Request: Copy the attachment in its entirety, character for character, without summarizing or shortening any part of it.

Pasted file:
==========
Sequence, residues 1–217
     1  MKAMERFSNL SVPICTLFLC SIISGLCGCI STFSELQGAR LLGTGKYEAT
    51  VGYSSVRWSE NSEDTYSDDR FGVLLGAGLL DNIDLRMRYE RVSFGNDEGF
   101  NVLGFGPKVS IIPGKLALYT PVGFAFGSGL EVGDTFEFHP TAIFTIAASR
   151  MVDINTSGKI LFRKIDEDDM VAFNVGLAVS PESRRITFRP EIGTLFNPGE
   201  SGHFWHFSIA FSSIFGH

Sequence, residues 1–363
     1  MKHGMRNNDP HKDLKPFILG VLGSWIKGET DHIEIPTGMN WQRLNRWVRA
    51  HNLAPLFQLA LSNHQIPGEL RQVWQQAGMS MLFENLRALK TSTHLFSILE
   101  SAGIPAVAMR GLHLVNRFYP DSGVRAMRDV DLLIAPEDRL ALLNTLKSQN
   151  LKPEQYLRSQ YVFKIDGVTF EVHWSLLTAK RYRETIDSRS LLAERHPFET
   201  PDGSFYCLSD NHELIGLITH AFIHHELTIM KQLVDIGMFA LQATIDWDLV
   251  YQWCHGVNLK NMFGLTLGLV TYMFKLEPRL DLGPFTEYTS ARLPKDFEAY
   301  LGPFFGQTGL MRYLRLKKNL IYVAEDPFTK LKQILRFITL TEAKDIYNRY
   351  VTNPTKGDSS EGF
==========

Sequence, residues 1–217
     1  MKAMERFSNL SVPICTLFLC SIISGLCGCI STFSELQGAR LLGTGKYEAT
    51  VGYSSVRWSE NSEDTYSDDR FGVLLGAGLL DNIDLRMRYE RVSFGNDEGF
   101  NVLGFGPKVS IIPGKLALYT PVGFAFGSGL EVGDTFEFHP TAIFTIAASR
   151  MVDINTSGKI LFRKIDEDDM VAFNVGLAVS PESRRITFRP EIGTLFNPGE
   201  SGHFWHFSIA FSSIFGH

Sequence, residues 1–363
     1  MKHGMRNNDP HKDLKPFILG VLGSWIKGET DHIEIPTGMN WQRLNRWVRA
    51  HNLAPLFQLA LSNHQIPGEL RQVWQQAGMS MLFENLRALK TSTHLFSILE
   101  SAGIPAVAMR GLHLVNRFYP DSGVRAMRDV DLLIAPEDRL ALLNTLKSQN
   151  LKPEQYLRSQ YVFKIDGVTF EVHWSLLTAK RYRETIDSRS LLAERHPFET
   201  PDGSFYCLSD NHELIGLITH AFIHHELTIM KQLVDIGMFA LQATIDWDLV
   251  YQWCHGVNLK NMFGLTLGLV TYMFKLEPRL DLGPFTEYTS ARLPKDFEAY
   301  LGPFFGQTGL MRYLRLKKNL IYVAEDPFTK LKQILRFITL TEAKDIYNRY
   351  VTNPTKGDSS EGF